While I find the idea of promoting happiness over profit refreshing, I ultimately don’t see how Hsieh or Zappos delivering what it promises. Sure, paying clients may sense happiness when they receive a surprise gift of flowers from Zappos, and Zappo employees may sense happiness as their company invests in their professional development and encourages a happy environment, and Zappo investors may sense happiness as they receive a return on their investment, all the while believing that they are bettering the world. But what about the shoe maker? Stories continue to come out about shoe corporations, like Nike or Adidas, exploiting their workers in countries likeHonduras,El Salvador andIndonesia. Does the happiness of these workers matter to Zappos? Is happiness reserved for the wealthy who can purchase via the internet and forgotten for the poor who suffer the brunt of corporate outsourcing?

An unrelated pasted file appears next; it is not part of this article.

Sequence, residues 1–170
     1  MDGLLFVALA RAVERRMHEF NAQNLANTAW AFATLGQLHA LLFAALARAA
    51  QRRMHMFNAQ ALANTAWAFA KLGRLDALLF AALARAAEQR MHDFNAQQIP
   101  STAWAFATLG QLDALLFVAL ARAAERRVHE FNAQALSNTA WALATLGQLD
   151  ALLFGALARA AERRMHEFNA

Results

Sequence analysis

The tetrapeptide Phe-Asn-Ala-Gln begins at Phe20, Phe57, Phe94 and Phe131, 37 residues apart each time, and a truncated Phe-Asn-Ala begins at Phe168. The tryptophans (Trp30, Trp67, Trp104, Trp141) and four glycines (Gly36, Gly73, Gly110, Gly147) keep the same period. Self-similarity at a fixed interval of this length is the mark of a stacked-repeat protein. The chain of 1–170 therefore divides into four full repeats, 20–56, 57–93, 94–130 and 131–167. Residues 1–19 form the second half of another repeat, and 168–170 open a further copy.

“Delivering happiness” seems to be a clever sales ploy but, by failing to recognize the unhappiness of those who produce their goods, it is deceptive. Happiness, delivered on the backs of the unhappy, is no happiness at all.